Remember that you can pre-record sessions and then use automation to run the session as if it’s live, so if your best speaker can’t make the coveted 9:30am slot? No problem! Just record their session, run it on event day, then use automation to roll videos, multimedia, and offers/polls at the desired time. Have one of your team members on hand to monitor the event platform and respond to comments and issues so the session still feels interactive.
Event attendees experience the 2:30 crash, too, especially if they’ve been sitting behind a screen all day.
Anticipate that some people will log off during these downtimes and plan accordingly. But for those who stay on, use breakout sessions to get people talking and raise the energy level in the room.
Breakout sessions are more participatory by nature, which will wake people up and encourage them to form real connections with the event programming and other attendees. Also consider providing breakout guests a $5 credit that they can use to buy a coffee or snack of their choice, so they’ll enter the session recharged and refocused (and happy with you!).
Note: Expect less participation during these times, but don’t settle for it. During these times, you can also use push notifications, product demos, gamification and other engagement strategies to send more traffic to under-visited event modules. Learn how to drive traffic to your sponsorship spaces here.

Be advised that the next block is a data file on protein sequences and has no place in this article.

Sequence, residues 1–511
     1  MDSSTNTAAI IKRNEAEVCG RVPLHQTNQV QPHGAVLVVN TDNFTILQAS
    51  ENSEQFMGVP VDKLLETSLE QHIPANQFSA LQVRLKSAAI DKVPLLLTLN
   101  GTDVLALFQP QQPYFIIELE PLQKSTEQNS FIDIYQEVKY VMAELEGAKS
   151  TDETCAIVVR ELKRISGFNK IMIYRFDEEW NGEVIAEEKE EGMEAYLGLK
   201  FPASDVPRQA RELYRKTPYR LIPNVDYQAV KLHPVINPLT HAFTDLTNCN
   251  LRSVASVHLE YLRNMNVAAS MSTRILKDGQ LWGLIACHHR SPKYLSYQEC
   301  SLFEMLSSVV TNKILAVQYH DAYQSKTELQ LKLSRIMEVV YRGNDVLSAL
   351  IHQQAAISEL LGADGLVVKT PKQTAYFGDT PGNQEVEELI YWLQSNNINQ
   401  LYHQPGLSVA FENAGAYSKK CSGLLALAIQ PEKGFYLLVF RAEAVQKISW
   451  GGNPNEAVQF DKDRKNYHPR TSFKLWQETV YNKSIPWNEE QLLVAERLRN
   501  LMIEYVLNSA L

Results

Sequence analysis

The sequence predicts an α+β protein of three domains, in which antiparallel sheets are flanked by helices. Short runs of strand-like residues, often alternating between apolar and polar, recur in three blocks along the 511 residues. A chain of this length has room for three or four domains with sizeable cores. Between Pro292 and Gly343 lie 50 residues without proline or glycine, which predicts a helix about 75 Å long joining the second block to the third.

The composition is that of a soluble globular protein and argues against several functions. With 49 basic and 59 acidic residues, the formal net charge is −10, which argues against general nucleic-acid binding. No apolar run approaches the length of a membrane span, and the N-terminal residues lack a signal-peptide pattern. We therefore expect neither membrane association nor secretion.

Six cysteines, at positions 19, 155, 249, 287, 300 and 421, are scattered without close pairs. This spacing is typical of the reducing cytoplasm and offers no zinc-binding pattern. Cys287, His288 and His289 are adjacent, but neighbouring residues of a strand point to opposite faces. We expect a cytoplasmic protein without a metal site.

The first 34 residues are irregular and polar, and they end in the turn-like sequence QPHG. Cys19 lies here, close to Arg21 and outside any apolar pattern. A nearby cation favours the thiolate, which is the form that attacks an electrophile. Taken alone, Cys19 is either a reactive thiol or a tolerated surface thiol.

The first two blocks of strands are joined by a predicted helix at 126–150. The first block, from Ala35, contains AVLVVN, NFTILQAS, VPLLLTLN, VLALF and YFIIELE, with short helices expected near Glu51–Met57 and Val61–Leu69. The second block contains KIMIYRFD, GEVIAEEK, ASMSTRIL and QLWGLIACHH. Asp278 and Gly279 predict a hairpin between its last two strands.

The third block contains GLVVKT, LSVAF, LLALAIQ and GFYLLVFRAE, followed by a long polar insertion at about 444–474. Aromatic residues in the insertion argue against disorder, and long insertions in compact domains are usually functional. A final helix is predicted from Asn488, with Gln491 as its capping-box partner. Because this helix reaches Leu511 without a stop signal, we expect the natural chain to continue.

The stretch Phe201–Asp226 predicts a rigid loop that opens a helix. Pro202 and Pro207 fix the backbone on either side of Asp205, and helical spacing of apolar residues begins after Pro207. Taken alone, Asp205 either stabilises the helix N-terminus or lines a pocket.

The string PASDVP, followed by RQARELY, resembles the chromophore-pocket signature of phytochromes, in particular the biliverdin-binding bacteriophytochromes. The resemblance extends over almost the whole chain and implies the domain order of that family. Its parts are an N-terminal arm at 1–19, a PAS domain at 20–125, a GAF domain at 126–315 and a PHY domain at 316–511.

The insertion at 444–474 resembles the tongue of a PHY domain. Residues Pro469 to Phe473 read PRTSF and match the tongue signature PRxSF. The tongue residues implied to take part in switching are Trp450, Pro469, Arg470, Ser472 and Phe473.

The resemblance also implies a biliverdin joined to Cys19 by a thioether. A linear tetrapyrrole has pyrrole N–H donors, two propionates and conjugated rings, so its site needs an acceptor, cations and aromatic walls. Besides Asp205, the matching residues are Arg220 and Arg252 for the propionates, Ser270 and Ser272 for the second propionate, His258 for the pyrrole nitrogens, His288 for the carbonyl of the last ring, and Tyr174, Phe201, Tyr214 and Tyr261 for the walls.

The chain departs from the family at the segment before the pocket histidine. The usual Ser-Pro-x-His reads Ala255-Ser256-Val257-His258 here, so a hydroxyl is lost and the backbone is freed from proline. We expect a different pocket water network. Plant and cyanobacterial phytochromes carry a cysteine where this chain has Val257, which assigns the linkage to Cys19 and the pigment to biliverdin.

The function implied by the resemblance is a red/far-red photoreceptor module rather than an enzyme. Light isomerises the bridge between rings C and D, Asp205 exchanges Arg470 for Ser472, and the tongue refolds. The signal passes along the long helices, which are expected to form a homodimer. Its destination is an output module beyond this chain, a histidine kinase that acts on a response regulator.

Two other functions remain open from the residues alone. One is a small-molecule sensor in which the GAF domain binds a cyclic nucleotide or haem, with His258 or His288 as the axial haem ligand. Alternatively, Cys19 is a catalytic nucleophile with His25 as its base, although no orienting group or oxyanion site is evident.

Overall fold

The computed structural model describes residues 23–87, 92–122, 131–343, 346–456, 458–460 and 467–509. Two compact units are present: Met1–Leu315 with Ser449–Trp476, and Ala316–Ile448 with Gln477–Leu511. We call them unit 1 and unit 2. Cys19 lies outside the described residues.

People don’t miss in-person events for the crowds and the smell of stale convention centers (anyone else missing the smell of industrial grade lemon scented cleaning materials!? Yeah, us either). They miss the spontaneous conversations that took place over coffee breaks - being able to discuss the day’s programming with a stranger and leave with a connection - or even a new cofounder.
By scheduling your virtual networking sessions during lunch, you’ll most closely replicate this dynamic for your remote audience. Lunchtime networking sessions also keep attendees from logging off for lunch and then staying offline in the afternoon, which increases full-day engagement.
Want to create networking experiences that attendees truly love? Learn how to facilitate networking at a virtual event here.
Who binge watches a show for the commercials? Exactly. Since they’re not physically strolling past sponsorship spaces at a virtual event, attendees may not think to visit these event locations unless they’re reminded to do so.
We recommend scheduling these times during the mid-afternoon or mid-morning lulls, when people are less likely to attend sessions. Or if you don’t want to schedule a specific time for these activities, at least sprinkle reminders to visit sponsor spaces within your event agenda page.
Here, include a link to the specific space so guests can move from agenda to sponsor booth in just a click.
Now that you’ve created an effective agenda, extend its value by letting people experience it on their own time. After your event, upload its content to an on-demand video gallery or media hub, so that registrants who couldn’t attend live can still access and share your content.
Since attendees will still need to register to start viewing, you’ll still receive their contact and other marketing information, just as you would any live participant. And if you add additional relevant content to this space, you’ll further establish your credibility and attract not just one-time viewers, but longtime advocates for your brand.
Want to learn more about how the world’s most innovative companies use virtual events to crush their marketing goals? Request a demo from our sales team or join us Sept. 22 for Impact@Home, our virtual summit on hosting better virtual events.